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The Elusive Snipe
~a story in verse~
by Michael Gafford

            "You need a hand?" I asked the boy
            as he thinned my firewood pile.
            "No sir, I'm gathering wood for the troop."
            Then he flashed a toothy smile.

            I looked and saw Troop 101's
            invasion was fast completing,
            and spied their leader walking up;
            he waved his hand in greeting.

            "Apologies for the kid," he said.
            "He's excited, as you can see."
            Then the boy said, "I'll get a big one, yeah!
            Wanna come along with me?"

            The den master grinned. "The elusive snipe
            is the focus of our quest."
            He added, "I see you have two sons;
            would you like to be our guest?"

            "Elusive? Quite an understatement!"
            That's all I had to say;
            I'd never caught one, not even one,
            up to that very day.

            Then the leader told us he had seen
            a few good signs and tracks.
            "We might get one or two, but boys,
            we'll have to watch our backs."

            I looked at my sons - their eyes were bright -
            so I said, "Sounds like a plan."
            Then the young boy said, "I heard one, sir,
            but he saw me and he ran."

            "Young men," said the leader, "our elusive snipe
            is a small and furry creature.
            He's rather cute, but you should know
            he has a harmless feature."

            "His enemies avoid him -
            they leave and never tarry.
            When threatened, he sprays urine!
            Umm . . . Goodby, adversary!"

            "We need four fellows to a team,"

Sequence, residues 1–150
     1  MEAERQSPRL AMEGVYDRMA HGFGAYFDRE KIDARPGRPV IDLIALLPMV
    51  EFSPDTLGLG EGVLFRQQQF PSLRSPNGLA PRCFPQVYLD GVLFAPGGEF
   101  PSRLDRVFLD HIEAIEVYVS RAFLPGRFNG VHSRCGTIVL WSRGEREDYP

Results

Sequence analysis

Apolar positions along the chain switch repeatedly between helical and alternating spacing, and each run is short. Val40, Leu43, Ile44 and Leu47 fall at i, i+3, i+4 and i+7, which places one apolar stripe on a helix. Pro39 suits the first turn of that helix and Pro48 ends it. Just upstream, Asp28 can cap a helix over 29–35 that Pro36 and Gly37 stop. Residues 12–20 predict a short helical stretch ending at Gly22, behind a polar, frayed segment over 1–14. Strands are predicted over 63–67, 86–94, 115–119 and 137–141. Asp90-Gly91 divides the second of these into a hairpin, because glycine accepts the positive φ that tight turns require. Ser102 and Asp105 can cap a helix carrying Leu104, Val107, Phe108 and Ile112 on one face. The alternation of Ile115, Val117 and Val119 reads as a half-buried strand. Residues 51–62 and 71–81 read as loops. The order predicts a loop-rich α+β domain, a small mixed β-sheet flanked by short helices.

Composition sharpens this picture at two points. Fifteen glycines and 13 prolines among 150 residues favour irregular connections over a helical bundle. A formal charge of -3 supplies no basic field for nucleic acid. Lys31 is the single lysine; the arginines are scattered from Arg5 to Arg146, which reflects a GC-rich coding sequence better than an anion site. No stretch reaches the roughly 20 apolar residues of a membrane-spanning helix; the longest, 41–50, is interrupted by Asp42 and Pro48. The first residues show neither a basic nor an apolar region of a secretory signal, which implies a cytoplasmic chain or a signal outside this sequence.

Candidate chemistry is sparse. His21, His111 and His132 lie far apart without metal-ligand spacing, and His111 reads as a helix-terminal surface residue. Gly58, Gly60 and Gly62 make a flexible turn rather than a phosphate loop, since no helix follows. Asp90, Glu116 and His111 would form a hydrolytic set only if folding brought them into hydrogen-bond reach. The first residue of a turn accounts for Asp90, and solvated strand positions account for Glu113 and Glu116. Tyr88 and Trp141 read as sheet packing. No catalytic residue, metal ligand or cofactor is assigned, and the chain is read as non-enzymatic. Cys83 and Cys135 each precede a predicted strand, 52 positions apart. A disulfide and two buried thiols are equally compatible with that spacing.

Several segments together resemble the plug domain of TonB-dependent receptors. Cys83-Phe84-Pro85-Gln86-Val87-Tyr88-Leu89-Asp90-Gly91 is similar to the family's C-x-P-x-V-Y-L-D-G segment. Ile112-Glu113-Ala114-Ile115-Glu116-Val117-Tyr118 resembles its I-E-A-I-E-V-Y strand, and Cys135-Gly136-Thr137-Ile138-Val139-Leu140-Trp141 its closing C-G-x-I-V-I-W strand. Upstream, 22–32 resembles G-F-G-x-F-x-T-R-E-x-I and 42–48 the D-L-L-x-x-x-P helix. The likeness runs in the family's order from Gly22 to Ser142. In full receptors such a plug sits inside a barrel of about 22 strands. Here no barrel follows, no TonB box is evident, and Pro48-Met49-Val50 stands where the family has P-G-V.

he informed the restless mob.
            "To hit the tree and roust the snipe
            will be one hunter's job."

            "Next, two bag men will have to hunker
            down beside his lair
            to hold the bag and close it tight
            when Ol' Snipe runs in there."

            "The last guy is important -
            he must keep the snipe in sight.
            He's the point man of this hunting team -
            the one who shines the light."

            "John, you stay right here at camp;
            I'll take the boys ahead . . ."
            And, as sheep before the shearer,
            away the kids were led.

            "We must work fast; they'll be back soon,"
            the co-conspirator said.
            "Hand me the bucket in the tree."
            He grinned and shook his head.

            Meanwhile, the hunters darted 'round,
            chasing their Frankenstein monster.
            There'd surely be soiled BVDs
            to fill the campground dumpster.

            The loopy line of whooping boys
            then turned and headed back.
            One tow-headed fellow led the crowd,
            carrying his sack.

            "Any luck?" I asked the boy
            as the troop came back in sight.
            "No, sir, I guess they heard us
            and escaped into the night."

            "Well, I'm not sure, but I'll bet there's one
            in that oak right over there."
            So off they ran to try once more -
            the elusive snipe to snare.

            With his big ol' stick, Michael led,
            beating this innocent tree.
            And Stewart, with the pillowcase,
            rested on one knee.

            "There he goes," bellowed the leader
            as his beacon lit the night.
            Then ten flashights followed his up -
            a most amazing sight!

            What happened next took these brave boys
            completely by surprise.
            Yes, they were like a covey of quail,
            startled and on the rise.

            Five gallons of water splashed their heads,
            their screeches filled the night.
            A perfect shot, the guys were drenched,
            the troop was quite a sight!

            Above the din one voice rang out
            as the hunters left that tree.
            One lone Scout screamed loud and clear,
            "THE SNIPE! HE PEED ON ME!"


Michael Gafford writes to USADEEPSOUTH:
"Retired from the security business, I now live back in north Mississippi with its 'maters, melons and air conditioning. I travel on day trips when I can, looking for any place that has a tin roof or screen porch."

Read more of Mike Gafford's stories at USADS:
Christmas Journey - 1964
Return to Sender

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